I am taking an amazing course this summer at Simmons SLIS called Library Test Kitchen. It’s a version of a course that has been offered at the Harvard Design School. I am working on a project that I’ll be excited to share later this year, but today I want to talk about another course topic: the story of statistics. Librarians keep all sorts of statistics. We’re good at it. And we use those statistics to demonstrate our worth, to track our growth, create programs, and to influence our purchasing decisions. The problem, especially with those last two, is that, without understanding the story behind the statistics, we might make mistakes in our decisions. For example, if you are a public librarian who offers an Anime club and it’s your most popular program, you might think your collection and your programming should include more anime. But what if the most popular program for your community is actually one you are not offering?

In terms of circulation statistics, it’s always interesting to take a look at the top circulating items. I worked at two schools this year. Minecraft ruled at both of them. In one, Diary of a Wimpy Kid books took 5 of the remaining top ten slots, while Mo Willems had a similar monopoly at the other school. It would be really easy for me to read these statistics and say, “More funny, more comics-style, and forget the rest.” But if I did that, I would be missing a big part of the story. I was curious if Diary of a Wimpy Kid was really the most popular. That is, did those check outs cover the majority of my total check outs. The answer was no. I decided to look at one school’s fiction circulations. I added up the total number of books that circulated just once or two times, the total number of Diary of a Wimpy Kid and Big Nate circulations, and then subtracted the total of these to get the number of circs that fell somewhere in between. Graphed as percentages, it looks like this:

Books in the Diary of a Wimpy Kid series made up ten percent of my total circulations. That’s a lot! But see what’s more: the total of individual titles that each circulated only one time (22%). Essentially, for every circulation of a Wimpy Kid book, two other books also circulated. That’s two other readers reached. If I said, “My kids like funny books with simple comic drawings,” then that would be true, but it would also be missing everything else that they like. And if I ignore that in my purchasing decisions, then I am missing those readers.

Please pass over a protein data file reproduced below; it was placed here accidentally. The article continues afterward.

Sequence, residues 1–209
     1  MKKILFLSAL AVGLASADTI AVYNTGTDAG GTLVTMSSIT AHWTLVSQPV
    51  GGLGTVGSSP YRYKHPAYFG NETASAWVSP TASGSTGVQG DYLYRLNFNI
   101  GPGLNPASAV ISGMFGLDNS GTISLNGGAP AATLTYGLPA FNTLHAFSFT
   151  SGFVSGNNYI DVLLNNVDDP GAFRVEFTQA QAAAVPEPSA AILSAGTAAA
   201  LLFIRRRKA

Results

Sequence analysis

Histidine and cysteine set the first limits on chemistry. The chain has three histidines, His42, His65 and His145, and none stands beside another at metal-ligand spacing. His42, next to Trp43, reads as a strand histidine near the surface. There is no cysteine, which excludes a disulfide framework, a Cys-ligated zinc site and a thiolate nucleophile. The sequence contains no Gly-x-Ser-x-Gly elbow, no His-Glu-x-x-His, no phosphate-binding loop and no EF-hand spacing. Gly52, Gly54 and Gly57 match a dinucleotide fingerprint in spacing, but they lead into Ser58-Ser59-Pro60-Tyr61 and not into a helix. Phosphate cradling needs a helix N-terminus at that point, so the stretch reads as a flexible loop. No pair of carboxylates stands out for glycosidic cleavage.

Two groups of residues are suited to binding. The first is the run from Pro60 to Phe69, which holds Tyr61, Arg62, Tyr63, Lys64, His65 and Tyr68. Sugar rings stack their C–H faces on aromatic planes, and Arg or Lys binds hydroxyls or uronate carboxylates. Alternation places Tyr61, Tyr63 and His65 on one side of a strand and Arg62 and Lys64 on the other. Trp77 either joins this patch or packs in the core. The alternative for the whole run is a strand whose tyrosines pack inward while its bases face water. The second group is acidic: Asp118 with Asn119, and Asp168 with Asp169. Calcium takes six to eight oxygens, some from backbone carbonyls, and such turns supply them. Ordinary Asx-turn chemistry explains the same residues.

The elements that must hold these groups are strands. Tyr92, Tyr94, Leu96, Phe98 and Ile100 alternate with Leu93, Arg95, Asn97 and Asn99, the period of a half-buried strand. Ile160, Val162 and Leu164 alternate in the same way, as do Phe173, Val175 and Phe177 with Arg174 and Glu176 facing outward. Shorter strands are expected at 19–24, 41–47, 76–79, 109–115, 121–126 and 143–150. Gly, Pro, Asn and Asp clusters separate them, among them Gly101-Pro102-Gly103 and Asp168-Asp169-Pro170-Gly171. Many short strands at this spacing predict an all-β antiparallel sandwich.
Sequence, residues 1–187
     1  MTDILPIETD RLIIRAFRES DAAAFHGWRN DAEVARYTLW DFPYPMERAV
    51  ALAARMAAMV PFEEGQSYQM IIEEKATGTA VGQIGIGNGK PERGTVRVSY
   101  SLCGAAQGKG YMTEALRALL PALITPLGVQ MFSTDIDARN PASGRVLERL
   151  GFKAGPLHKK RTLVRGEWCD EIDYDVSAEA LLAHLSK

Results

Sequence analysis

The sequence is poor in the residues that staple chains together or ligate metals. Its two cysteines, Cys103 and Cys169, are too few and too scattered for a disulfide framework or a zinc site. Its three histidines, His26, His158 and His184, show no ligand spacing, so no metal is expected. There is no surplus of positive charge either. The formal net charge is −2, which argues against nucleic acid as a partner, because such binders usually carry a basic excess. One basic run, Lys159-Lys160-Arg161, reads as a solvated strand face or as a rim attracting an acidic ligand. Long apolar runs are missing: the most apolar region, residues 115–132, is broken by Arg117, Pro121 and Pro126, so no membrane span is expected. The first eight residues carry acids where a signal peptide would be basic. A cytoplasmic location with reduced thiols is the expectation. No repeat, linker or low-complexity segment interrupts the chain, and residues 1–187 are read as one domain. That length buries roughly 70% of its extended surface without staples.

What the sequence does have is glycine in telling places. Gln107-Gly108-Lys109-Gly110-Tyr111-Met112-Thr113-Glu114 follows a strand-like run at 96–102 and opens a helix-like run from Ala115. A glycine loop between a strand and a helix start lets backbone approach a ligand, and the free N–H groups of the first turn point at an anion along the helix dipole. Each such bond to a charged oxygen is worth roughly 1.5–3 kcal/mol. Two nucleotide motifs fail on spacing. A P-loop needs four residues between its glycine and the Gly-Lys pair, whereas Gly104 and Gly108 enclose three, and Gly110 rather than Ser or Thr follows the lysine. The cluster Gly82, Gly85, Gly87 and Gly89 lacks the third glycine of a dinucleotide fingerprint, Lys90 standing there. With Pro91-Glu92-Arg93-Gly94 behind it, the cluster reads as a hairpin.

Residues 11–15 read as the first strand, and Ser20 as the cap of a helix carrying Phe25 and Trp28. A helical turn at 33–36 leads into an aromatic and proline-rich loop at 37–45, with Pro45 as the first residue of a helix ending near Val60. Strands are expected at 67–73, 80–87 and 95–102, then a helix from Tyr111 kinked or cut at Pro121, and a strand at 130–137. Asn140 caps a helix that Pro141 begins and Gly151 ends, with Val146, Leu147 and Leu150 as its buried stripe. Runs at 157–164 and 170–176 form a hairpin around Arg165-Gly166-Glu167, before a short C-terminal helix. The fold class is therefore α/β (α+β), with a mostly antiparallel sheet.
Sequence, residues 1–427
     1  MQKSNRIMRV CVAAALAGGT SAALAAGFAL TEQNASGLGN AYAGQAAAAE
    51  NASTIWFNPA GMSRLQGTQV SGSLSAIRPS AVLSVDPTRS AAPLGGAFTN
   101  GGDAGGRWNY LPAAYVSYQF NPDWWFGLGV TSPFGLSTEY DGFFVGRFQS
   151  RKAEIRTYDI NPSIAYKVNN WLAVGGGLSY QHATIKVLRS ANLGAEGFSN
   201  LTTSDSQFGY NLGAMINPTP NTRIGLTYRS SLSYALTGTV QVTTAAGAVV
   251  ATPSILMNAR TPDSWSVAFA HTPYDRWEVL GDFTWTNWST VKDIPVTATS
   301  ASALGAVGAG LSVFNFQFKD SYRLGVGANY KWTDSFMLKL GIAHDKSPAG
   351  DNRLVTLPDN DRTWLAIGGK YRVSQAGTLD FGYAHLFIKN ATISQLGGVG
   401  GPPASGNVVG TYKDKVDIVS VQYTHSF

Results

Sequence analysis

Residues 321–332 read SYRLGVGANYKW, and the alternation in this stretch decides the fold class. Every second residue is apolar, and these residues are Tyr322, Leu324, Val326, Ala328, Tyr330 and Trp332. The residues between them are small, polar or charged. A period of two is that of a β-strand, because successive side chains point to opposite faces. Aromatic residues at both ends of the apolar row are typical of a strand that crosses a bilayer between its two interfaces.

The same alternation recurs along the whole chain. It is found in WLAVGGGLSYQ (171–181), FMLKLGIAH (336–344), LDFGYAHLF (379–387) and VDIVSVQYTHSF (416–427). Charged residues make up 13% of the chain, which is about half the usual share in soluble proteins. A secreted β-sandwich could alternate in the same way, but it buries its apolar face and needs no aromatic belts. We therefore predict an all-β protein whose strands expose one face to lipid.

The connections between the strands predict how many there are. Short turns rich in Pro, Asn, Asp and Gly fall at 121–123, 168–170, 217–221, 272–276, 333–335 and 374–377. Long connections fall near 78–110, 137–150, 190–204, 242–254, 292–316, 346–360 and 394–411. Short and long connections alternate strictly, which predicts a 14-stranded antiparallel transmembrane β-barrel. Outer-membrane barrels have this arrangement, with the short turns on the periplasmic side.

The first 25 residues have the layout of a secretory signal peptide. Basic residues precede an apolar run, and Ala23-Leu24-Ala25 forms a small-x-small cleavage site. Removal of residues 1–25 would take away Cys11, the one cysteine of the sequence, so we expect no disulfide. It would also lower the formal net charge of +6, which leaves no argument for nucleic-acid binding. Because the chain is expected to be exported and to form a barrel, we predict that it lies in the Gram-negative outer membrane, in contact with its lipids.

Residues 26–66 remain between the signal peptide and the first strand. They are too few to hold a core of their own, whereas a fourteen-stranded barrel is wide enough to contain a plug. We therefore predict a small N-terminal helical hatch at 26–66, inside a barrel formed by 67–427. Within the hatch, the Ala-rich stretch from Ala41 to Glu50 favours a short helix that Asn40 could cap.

Librarians have a responsibility to buy what is popular, but we also have a responsibility to purchase books that will connect with a smaller number of readers. The story of the numbers is that those books, grouped together, actually reach more readers. It always makes me sad to see books dismissed because “Kids don’t like XYZ,” or “Boys won’t read books like that.” That’s reading the story of the data without any nuance or details. It’s the sound bite or headline, not the whole story. Worst of all, it’s dismissive of kids, whose tastes are varied and wide and who are capable of liking all sorts of books as long as those books are offered to them.

On Circ Stats and Collection Development
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### 2 thoughts on “On Circ Stats and Collection Development”

• June 30, 2016 at 1:40 pm